I don’t often use the Context filter on this blog (hur hur). This isn’t a personality project, it’s a philosophical one; and while my personality interacts with my thinking, I don’t tend to talk about my recent bus traumas and how my pets are doing here. There are other places for that. However, I have the filter because sometimes things that happen will directly affect both how I think, and how often I get the chance.
I’ve been remiss of late in delivering any thinking at all. Some of the queue of reasons have been discussed before. But a lot of it has had to do with momentum. For most of the last three years I haven’t had any. Meta-thinking has been a defense mechanism; passes the time, keeps my thoughts off the hamster wheel of debt and exhaustion and fear.
Around this time three years ago I was falling off my perch through a combination of over-stress, financial difficulty, long-term depression and severe ill health. Over the course of the next year I found out something about the UK’s social economy. It is not designed for those who’re at rest. No-one should ever be broke here, it’s not allowed; no bank account? You’re fucked. No credit rating? You’re fucked (and have no phone). Too ill to work? You’re fucked. You earn a little money? Bang, gone, and suddenly you now owe a bank some charges. Every time you get to the end of a month with ten quid left in your pocket you end the next month owing forty.
I was realistic enough to recognise that a year of unemployability when already indebted during a massive economic meltdown was going to take time to recover from. I’ve been working in the hope of achieving financial stability in three to five years; well, this is the end of year three and I’m still fucked.
I lost all momentum in my life. Stopped moving. What I couldn’t anticipate is how hard it is to develop momentum from a standing start in a country which is culturally without compassion. Compassion has been replaced by charity in our ethical lexicon. The system is rigged so that not only can those at your own level, who might want to throw you a break, not afford it; the system is rigged so that anyone who can afford it has been taught that the only way to stay rich is never to do so.
Lives have a lot of inertia. If you’re a powerfully motivated person this allows you to make the social equivalent of clouds of tire smoke if you ever come to rest and then try to start up again. Wheelspin is dangerous to drivers and can be lethal in your personal life. The smoke is choking, your environment stinks but you know you can’t get out, and you’re clearly not going anywhere except round and round in circles. Sideways.
Fortunately, some people carry tow-ropes. My break was thrown to me through an associate of a friend, when I got a bar job at a good, independent real ale pub. A better simile would probably be sand-ladders. Once I could get some traction I began to build just a little momentum; in six months I was assistant manager.
Thing is it’s not just me. My close circle of friends have had a pretty shit time the last couple of years. All of us have been spinning wheels; fell down, can’t get up again. Eventually, by linking arms and picking a direction, we’ve all managed to claw out of the Slough of Despond. A liminal phase has come to an end, and as far as I can tell it did so at Halloween.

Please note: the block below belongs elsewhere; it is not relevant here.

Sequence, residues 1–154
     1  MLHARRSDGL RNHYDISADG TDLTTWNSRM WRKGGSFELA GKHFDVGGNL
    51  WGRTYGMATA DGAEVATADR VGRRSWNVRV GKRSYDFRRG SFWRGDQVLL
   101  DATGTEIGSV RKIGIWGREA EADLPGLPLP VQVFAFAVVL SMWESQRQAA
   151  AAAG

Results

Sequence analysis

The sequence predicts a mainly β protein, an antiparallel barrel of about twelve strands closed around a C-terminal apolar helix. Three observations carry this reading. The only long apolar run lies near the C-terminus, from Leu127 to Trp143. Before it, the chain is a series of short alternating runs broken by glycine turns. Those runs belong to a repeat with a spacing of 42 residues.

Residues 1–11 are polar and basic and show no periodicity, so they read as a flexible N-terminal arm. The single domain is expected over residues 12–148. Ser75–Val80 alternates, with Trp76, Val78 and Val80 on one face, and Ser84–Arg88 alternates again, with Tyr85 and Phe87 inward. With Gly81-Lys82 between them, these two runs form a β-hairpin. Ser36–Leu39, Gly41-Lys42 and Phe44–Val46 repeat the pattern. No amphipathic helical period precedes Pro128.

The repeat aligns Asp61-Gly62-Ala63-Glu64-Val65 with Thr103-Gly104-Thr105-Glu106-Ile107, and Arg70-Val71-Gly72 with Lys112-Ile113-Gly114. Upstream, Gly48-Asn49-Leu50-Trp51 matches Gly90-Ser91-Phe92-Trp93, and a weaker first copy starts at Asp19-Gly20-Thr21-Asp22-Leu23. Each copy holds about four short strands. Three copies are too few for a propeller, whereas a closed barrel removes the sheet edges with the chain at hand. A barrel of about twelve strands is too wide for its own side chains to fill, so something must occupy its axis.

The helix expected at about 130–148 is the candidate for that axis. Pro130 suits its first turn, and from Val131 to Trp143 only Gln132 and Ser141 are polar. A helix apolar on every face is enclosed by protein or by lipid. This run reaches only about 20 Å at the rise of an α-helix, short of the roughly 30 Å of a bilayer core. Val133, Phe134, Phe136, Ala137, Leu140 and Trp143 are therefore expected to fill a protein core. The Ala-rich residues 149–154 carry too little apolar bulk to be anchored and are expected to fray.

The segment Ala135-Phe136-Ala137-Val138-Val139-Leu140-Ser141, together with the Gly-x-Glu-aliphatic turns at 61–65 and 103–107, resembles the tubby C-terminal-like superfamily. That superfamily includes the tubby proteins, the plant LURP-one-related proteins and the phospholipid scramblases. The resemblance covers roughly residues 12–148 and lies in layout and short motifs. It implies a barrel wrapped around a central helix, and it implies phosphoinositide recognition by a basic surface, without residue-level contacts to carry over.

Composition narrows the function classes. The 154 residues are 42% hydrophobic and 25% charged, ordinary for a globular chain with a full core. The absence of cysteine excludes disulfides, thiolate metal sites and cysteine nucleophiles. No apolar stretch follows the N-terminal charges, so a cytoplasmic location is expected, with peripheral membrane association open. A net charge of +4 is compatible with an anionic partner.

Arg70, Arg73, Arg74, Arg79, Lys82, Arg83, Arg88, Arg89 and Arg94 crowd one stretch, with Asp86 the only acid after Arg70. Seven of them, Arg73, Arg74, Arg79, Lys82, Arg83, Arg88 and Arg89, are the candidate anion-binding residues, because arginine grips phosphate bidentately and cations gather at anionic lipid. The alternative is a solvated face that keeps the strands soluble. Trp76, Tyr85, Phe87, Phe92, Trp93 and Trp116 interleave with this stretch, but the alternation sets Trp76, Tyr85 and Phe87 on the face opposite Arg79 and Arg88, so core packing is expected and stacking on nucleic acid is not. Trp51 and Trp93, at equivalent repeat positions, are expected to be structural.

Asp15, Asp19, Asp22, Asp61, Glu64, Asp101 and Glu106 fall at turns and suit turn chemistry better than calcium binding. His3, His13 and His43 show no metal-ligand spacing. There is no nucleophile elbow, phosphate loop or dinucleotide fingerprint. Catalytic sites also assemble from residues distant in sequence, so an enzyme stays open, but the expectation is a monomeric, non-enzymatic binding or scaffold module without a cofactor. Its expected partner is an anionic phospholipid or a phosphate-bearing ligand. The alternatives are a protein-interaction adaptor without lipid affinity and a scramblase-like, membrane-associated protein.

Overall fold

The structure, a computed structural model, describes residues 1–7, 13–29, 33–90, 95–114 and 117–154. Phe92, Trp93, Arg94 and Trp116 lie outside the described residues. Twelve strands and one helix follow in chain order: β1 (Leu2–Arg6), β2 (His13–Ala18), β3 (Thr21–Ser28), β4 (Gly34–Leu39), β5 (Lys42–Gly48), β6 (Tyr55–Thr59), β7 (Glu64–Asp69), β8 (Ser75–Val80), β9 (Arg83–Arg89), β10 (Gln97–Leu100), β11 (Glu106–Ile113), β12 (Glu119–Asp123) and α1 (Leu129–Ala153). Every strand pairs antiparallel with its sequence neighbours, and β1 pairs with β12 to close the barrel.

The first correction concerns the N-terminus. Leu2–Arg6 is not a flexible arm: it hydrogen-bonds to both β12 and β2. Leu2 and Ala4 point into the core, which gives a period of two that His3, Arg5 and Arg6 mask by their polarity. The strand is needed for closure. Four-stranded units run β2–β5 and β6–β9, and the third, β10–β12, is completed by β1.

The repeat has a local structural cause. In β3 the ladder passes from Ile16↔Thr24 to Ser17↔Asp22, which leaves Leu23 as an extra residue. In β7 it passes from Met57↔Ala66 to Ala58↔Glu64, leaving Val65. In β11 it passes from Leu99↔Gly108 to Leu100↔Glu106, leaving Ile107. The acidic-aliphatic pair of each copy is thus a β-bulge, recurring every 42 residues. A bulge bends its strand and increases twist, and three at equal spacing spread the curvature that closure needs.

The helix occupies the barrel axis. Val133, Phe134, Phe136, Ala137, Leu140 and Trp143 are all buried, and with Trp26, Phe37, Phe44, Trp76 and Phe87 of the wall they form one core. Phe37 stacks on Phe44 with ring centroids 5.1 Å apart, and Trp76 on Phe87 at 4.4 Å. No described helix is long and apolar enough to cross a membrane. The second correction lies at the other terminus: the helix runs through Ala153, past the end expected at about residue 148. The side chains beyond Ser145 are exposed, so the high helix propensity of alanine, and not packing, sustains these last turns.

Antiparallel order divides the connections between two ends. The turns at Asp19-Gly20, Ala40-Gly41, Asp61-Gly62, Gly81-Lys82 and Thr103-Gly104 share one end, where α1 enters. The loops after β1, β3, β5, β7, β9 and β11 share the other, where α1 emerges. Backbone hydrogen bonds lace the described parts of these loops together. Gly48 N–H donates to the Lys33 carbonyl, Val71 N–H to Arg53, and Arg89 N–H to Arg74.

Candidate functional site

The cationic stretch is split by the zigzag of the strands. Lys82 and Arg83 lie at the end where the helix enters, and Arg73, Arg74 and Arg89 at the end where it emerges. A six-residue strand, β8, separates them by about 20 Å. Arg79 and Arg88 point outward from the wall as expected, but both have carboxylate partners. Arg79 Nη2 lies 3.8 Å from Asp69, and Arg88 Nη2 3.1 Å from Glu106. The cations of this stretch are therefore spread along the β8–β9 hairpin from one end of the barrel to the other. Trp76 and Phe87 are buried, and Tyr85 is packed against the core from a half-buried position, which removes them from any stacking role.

I tend to hang out with artists (I can’t draw) and musicians (I can play). One of my deep frustrations these last two years has been watching a group of remarkably talented, if occasionally unfocused, people who average five to ten years younger than me stuck in wheelspin, due to circumstance and what year some of them graduated from university. Something happened at Samhain.
On several different vectors through my friendship circle, the months between Samhain and Yule saw an unexpected acceleration. Business ventures were conceived or suddenly became real. People’s lives and living arrangements and choice of cities started began to kaleidoscope and shake into new shapes. And along with two business partners I drove north to see a pub.
One of my failings is that I’m not a particularly good day-to-day businessman. I’m a good strategist and have proved to my own and others’ satisfaction that I can run a pub, but I’m no good with accounts, don’t understand PAYE forms (who does?) and am daunted by VAT much more than by cask. Other things that are a mystery to me include electrics and plumbing, as I grew up in a house with neither.
Fortunately I have talented friends, and between three of us we cover all the skills we need. A pub was found, and then several more were, and we found one we really like so we went to look at it. Almost didn’t make it due to #uksnow but got there.
We still like it. We’re currently trying to raise the money, and at this stage it’s looking pretty hopeful. I’ve been ready for a while, but haven’t seen any practical way to get from Here to There; no momentum, too much wheelspin. But I’ve been given a good shove now, and it feels like we’re off the line.
All three of us, on one continent or another, are country boys. London has served our youth well and richly ; now the time has come to go home. This blog will persist, though I’ll have little time for philosophy and all the less if we can raise the funds we need. That will return in time. What I will be doing here is refocusing on the “Publican” side rather than the “John Q.” Watch this space.
 Rich, in this instance, being a strictly metaphorical expression.